• Great day. Awesome group of people and guides.

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Day Two

  • Easy walking for around 6 hours, next to no uphill which everyone is happy about (mainly me).
  • Learn about the history of Peruvian tribes and Incas. Guide was awesome. Learned a lot. Have forgotten most of it already.
  • Worlds dodgiest cable car 50 meters above the river, being pulled by a local kid. Didn’t die. Major high fives.
  • Beautiful hot springs for sunset.
  • Awesome idea! Lets drink 5 bottles of rum and party at the local disco until 2am.

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Day Three

  • Terrible idea! Drinking 5 bottles of rum the night before and partying at the local disco until 2am. Liam was dancing so hard at one point he actually managed to kick a girls drink out of her hand. The physics of this still baffles me.
  • Zip lining. Probably would have been a lot more fun had we not been hungover.
  • Powerade, por favor.
  • Spewsies.
  • 6km of walking along a train track to Aguas Caliente.
  • Hot shower. Highlight of my day.
  • Sleeeeeeep.

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Day Four

  • Alarm goes off at 3.50am. Why? WHYYYYYYY?!
  • Walk up 2,000 stairs to the entrance of Machu Picchu. Have picked up a stomach bug that wreaks havoc on my body after eating and leaves me feeling like this after any form of physical activity:

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  • First group into Machu Picchu at 6am and watch the sun rise over the mountain and onto the ruins. One of the more amazing things I’ve seen in my life.
  • Machu Picchu is amazing. Better than any photo you’ll see and in the most amazing setting, surrounded by beautiful mountains and snow capped peaks in the distance.
  • Tour of the ruins with our guide – really interesting.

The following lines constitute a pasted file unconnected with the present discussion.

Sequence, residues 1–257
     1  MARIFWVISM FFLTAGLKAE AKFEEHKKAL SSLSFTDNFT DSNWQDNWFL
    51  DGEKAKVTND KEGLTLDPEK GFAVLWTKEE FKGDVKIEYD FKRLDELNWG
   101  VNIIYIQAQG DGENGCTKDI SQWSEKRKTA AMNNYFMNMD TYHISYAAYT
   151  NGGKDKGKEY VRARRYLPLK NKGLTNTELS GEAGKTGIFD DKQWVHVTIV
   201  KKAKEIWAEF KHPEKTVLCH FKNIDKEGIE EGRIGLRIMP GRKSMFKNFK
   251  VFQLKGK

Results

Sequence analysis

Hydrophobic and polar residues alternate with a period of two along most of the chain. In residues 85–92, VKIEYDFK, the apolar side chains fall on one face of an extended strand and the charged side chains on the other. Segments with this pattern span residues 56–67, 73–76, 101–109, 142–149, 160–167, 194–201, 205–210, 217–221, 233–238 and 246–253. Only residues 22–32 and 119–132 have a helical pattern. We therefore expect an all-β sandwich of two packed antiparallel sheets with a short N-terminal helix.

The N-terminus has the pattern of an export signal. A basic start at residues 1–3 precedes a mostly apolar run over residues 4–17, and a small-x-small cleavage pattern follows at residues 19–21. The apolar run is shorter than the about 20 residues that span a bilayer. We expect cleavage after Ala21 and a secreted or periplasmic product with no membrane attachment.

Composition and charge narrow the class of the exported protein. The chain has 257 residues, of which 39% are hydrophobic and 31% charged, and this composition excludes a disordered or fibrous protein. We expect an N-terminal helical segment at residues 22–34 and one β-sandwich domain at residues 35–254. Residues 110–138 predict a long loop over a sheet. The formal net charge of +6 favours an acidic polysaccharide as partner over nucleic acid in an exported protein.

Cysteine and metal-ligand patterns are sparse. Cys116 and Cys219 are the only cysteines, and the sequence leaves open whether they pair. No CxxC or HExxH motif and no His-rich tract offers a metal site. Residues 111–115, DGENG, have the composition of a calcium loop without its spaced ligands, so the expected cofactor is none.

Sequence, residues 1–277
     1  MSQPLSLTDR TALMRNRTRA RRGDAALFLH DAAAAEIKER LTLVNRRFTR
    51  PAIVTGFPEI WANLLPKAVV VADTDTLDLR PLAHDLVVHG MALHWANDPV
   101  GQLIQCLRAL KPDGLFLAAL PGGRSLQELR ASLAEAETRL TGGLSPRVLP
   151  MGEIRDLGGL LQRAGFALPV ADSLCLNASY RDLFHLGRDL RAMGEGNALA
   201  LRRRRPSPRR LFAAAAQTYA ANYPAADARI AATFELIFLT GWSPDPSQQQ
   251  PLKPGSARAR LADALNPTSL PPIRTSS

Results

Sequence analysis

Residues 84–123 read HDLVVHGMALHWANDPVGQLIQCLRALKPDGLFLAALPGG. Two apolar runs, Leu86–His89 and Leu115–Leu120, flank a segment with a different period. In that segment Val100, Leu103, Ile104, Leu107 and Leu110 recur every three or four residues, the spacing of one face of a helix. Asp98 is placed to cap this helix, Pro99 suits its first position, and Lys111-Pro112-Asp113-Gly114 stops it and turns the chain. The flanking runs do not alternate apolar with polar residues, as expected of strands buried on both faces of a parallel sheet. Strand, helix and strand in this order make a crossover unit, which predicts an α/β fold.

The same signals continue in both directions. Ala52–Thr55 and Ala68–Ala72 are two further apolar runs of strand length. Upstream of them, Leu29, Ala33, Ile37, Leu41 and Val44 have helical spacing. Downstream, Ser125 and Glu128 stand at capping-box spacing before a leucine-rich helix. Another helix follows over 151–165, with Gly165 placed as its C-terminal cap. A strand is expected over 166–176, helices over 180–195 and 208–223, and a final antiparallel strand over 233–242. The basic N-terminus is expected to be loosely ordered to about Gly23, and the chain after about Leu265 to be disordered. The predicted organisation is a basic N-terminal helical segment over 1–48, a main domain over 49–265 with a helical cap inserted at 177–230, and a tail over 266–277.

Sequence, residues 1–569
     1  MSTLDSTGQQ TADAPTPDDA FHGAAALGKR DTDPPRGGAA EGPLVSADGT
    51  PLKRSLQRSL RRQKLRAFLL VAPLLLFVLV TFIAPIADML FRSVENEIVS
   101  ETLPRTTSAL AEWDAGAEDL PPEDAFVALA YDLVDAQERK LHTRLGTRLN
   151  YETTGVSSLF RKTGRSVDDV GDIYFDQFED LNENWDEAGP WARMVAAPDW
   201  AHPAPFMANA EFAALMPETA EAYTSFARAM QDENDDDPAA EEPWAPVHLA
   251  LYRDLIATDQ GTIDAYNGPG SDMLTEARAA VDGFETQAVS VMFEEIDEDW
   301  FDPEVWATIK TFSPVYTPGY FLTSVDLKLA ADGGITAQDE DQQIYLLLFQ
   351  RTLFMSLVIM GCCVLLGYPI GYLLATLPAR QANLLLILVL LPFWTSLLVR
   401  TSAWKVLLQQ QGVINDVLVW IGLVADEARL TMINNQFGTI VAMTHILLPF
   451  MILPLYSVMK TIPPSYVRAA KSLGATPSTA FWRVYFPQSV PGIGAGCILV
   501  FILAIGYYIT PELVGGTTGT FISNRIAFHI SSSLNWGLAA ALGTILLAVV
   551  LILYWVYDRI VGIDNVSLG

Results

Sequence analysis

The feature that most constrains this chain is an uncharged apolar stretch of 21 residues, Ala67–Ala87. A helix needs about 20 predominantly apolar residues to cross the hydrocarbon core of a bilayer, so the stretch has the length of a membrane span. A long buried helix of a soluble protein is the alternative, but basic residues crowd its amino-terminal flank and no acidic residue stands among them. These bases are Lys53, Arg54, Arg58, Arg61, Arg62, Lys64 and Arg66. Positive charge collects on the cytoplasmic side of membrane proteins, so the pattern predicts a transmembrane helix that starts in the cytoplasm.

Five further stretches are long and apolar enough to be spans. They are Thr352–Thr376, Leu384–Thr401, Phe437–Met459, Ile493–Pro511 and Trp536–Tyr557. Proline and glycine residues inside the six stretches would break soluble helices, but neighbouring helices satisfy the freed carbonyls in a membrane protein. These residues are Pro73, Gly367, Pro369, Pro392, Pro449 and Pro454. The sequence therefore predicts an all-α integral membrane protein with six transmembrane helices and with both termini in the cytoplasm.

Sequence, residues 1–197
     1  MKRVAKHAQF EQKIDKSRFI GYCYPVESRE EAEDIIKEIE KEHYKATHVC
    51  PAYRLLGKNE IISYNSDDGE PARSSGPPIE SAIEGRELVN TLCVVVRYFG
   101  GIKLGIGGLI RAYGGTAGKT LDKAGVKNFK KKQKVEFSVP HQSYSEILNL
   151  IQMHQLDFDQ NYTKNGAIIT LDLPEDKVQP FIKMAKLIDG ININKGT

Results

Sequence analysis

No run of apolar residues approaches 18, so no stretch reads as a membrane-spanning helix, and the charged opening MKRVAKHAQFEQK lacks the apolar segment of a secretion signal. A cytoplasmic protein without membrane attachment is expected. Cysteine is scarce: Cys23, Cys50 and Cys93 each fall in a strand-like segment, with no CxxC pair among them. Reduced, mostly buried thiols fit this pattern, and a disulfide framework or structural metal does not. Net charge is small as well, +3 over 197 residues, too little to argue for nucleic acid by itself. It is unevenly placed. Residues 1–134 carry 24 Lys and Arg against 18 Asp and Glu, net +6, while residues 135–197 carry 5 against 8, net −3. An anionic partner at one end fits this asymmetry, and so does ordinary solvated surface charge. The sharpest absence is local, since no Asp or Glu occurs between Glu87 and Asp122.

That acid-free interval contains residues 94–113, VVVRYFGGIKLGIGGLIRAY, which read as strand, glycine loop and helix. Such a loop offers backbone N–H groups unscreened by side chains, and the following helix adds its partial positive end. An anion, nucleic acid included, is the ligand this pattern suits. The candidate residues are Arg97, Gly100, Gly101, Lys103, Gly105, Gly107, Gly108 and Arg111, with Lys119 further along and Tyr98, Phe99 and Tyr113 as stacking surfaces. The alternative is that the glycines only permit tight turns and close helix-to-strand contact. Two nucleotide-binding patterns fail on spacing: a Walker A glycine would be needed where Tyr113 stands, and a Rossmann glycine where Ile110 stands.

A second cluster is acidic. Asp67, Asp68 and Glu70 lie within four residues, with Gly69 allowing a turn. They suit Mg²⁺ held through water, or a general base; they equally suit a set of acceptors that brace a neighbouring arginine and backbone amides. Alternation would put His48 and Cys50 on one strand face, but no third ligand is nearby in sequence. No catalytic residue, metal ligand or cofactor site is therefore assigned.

• Liam climbed Wayna Picchu, the massive mountain that you can see in the background of the pictures of Machu Picchu. The guide says it takes about 40 minutes to climb but Nem nails it in 20 minutes. Legend. I lay on the grass holding my cramping stomach. Less legendary.
  • Walk up to the Sun Gate (other side of Machu Picchu) at a snails pace, being over taken by Japanese grandmothers and young children. Major achievement.
  • Funny story about the call of nature on the way to the sun gate – ask me if you like. Has resulted in the joke Q: “Have you seen Machu Picchu? It’s amazing” A: “Yes, but have you met Shailei? She sh*ts all over Machu Picchu”.
  • 9.30 train from Aguas Caliente and arrive in Cusco at 1.30am. Exhausted is an understatement.
  • All in all an amazing day /trip. A definite highlight of the adventures to date.

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Off to Lack Titicaca on the border of Peru and Bolivia tonight and crossing over to Copacabana in Bolivia tomorrow.

Bienvenidos a la ciudad bonita de Cusco

21 Apr

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We made it to Cusco a few days back after a relatively painless bus ride from Huacachina. This city is absolutely beautiful – surrounded by mountains, bright blue skies and filled with old cobblestone streets and gothic-esque churches. We spent our first day here wandering around the markets buying jackets, jumpers, beanies, booking ourselves in for our trip to Machu Pichu and struggling to breathe after walking up a set of stairs because of the altitude change. The weather has been beautiful and sunny in the day, getting chilly but still bearable at night.

That night after catching up with a bunch of friends we’d met in Central America, somebody decided it was a good idea to head out on the town. What was a brilliant night out turned out to be a nightmare of a morning /whole day after, thanks again to the high altitude and low red-blood cell count (nope, definitely nothing to do with the alcohol. No way, Jose).

Today we headed about an hour or so out of town to a town called Pisac where they have markets each Sunday. The drive there was beautiful, heading up and out over the hills from Cusco and past snow-capped peaks into the valley of Pisec. The markets, unfortunately, were a bit of a tourist trap – the prices were about 4 times of that in Cusco and nothing too exciting there, though it was nice to get out of the city and see it in any case.

Tomorrow morning Nem and I head off on a 3 night, 4 day trip to Machu Pichu. We’re not doing the actual Inca Trail as you need to book about 6 months in advance and pay about $600 (plus do a LOT of walking), so instead we’re doing a fun trip that includes bike riding, zip lining, hot springs and a bearable amount of walking. We’ve had some friends do the same trip so should be amazing. Don’t miss us too much while we’re gone…

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Dune boarding in Huacachina

19 Apr

The other day we sped through the dunes surrounding Huancachina in a little blue dune buggy (actually, it was red) and then boarded down them. It was awesome. Here’s some photos…